A scrap metal dealer subjected a vulnerable man to repeated brutal beatings and forced him to work for free for more than two years.
49-year-old Anthony Howard Baker kept his victim in squalid conditions in a caravan at the scrap yard he ran in Neath and held him virtually prisoner for more than to years through violence and intimidation.
Baker's son, 19-year-old Harvey Baker, also subjected the labourer to repeated and serious assaults during his ordeal.
The father and son, who live at Earlswood Cottages near Jersey Marine, pleaded guilty to multiple offences when they appeared in the dock at Swansea Crown Court.
Anthony Baker pleaded guilty to holding a man in servitude and subjecting him to forced or compulsory labour contrary to the Modern Slavery Act as well as four counts of assault occasioning actual bodily harm, one count of unlawful wounding, and one count of inflicting grievous bodily harm.
Harvey Baker pleaded guilty to six counts of assault occasioning actual bodily harm, three or inflicting grievous bodily harm, and one of unlawful wounding.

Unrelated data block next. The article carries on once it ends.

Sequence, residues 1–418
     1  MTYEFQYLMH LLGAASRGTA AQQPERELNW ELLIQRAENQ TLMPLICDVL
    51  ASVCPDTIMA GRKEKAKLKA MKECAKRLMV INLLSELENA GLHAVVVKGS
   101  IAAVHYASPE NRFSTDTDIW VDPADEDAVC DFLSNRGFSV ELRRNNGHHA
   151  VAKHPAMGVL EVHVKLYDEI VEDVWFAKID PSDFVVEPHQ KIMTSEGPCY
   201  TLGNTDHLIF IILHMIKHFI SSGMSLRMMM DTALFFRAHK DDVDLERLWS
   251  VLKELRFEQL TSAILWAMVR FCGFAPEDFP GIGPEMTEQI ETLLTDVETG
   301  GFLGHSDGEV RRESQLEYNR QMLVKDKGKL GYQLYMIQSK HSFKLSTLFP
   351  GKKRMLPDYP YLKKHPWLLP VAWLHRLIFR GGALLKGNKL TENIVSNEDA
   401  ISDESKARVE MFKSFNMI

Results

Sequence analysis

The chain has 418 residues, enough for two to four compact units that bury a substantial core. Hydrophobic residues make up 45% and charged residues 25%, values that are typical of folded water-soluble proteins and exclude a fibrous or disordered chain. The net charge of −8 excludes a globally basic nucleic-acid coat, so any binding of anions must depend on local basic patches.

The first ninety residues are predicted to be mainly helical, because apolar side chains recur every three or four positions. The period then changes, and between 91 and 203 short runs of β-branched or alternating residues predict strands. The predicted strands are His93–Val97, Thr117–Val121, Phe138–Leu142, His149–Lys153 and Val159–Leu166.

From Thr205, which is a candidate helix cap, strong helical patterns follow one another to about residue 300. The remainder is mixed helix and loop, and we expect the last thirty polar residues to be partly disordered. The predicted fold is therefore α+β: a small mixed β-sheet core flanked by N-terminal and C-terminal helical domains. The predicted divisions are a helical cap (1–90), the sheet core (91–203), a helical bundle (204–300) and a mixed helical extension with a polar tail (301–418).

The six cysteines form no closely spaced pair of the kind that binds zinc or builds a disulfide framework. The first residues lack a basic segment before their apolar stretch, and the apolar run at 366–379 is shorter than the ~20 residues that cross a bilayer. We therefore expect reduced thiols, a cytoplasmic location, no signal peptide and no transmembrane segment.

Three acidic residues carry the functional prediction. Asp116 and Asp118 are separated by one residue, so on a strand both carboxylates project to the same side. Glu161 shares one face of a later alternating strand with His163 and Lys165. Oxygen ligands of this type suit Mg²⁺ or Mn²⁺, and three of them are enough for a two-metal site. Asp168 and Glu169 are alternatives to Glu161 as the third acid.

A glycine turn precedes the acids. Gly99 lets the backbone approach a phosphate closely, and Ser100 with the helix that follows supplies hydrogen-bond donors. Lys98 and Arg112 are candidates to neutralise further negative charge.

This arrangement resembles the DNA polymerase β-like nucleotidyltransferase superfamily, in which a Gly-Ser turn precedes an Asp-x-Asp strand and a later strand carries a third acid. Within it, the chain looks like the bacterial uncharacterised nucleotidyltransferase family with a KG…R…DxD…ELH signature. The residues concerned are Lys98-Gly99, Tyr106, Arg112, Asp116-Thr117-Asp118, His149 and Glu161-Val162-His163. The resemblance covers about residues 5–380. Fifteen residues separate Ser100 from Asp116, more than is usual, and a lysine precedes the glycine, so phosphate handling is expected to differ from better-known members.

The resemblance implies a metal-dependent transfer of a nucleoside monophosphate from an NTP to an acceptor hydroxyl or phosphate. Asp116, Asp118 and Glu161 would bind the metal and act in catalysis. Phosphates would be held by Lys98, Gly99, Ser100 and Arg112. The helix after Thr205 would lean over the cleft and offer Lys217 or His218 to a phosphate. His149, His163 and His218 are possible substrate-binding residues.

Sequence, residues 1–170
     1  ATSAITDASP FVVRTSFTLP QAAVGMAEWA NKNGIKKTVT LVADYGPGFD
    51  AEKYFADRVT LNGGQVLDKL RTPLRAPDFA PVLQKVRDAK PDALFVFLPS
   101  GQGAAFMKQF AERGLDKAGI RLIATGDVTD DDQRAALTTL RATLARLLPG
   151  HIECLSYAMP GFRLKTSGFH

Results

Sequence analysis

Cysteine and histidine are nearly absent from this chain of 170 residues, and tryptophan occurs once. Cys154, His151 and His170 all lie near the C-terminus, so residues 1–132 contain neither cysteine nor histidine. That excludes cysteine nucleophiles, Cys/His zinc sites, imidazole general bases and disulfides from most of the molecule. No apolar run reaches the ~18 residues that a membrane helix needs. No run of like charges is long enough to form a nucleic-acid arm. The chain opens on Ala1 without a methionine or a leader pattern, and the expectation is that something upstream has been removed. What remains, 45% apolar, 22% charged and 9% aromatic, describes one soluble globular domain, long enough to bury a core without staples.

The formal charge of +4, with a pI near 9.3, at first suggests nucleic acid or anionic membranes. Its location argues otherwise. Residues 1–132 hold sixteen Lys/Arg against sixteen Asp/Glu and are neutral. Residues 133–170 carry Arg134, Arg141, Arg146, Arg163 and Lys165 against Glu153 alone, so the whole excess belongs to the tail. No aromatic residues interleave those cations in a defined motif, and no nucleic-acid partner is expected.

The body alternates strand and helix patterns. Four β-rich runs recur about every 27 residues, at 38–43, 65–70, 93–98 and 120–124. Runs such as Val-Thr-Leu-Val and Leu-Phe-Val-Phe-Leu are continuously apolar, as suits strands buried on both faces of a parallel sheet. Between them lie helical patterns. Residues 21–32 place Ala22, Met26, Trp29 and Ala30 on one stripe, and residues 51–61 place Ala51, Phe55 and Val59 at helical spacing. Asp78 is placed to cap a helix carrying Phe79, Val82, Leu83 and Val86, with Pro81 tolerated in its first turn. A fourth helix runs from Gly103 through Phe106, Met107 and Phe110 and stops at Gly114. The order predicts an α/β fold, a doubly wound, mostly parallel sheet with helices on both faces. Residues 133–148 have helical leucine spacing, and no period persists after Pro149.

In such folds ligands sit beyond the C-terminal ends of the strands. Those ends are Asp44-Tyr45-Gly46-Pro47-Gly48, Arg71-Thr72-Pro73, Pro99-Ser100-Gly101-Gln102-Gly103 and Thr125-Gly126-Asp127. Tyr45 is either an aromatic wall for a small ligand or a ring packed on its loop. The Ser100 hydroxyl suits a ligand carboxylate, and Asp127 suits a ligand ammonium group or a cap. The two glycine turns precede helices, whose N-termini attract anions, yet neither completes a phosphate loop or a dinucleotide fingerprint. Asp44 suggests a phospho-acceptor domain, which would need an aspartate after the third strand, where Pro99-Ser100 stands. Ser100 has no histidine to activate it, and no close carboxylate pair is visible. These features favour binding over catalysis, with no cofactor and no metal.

The offences cover the period of October 2016 to January 2019.
The 20-year-old victim, who had been living in a YMCA before his ordeal, was rescued by police who had gone to the isolated compound near the Briton Ferry bridge following calls from concerned members of the public.
The man was suffering with a catalogue of horrific injuries.
Prosecutor John Hipkin said the beatings administered by Anthony Baker were ''examples of how the enforced labour was enforced.''
Judge Paul Thomas QC described the circumstances of the offending as ''very unusual, not to say startling.''
He said he wanted reports into the defendants before passing sentence, in particular into their backgrounds, and to consider the issue of whether the Bakers should be considered dangerous offenders.
Matters were adjourned until June 14th and the defendants remanded into custody.